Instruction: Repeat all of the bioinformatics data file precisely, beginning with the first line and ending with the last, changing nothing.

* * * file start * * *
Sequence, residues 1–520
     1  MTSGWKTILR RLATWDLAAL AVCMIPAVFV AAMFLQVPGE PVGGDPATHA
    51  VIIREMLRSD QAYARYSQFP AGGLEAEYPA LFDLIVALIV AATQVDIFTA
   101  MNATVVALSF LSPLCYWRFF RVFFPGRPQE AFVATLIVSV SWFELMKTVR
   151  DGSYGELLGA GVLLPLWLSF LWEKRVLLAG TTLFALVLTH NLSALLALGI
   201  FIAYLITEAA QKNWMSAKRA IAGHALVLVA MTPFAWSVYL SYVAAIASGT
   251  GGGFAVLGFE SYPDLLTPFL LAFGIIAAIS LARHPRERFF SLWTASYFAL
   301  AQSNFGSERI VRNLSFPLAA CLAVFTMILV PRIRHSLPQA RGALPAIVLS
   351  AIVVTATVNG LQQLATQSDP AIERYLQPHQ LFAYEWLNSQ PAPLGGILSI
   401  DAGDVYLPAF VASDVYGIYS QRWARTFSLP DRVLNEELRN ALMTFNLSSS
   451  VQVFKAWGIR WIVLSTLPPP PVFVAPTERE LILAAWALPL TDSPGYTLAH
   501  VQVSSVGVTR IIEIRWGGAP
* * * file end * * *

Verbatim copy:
Sequence, residues 1–520
     1  MTSGWKTILR RLATWDLAAL AVCMIPAVFV AAMFLQVPGE PVGGDPATHA
    51  VIIREMLRSD QAYARYSQFP AGGLEAEYPA LFDLIVALIV AATQVDIFTA
   101  MNATVVALSF LSPLCYWRFF RVFFPGRPQE AFVATLIVSV SWFELMKTVR
   151  DGSYGELLGA GVLLPLWLSF LWEKRVLLAG TTLFALVLTH NLSALLALGI
   201  FIAYLITEAA QKNWMSAKRA IAGHALVLVA MTPFAWSVYL SYVAAIASGT
   251  GGGFAVLGFE SYPDLLTPFL LAFGIIAAIS LARHPRERFF SLWTASYFAL
   301  AQSNFGSERI VRNLSFPLAA CLAVFTMILV PRIRHSLPQA RGALPAIVLS
   351  AIVVTATVNG LQQLATQSDP AIERYLQPHQ LFAYEWLNSQ PAPLGGILSI
   401  DAGDVYLPAF VASDVYGIYS QRWARTFSLP DRVLNEELRN ALMTFNLSSS
   451  VQVFKAWGIR WIVLSTLPPP PVFVAPTERE LILAAWALPL TDSPGYTLAH
   501  VQVSSVGVTR IIEIRWGGAP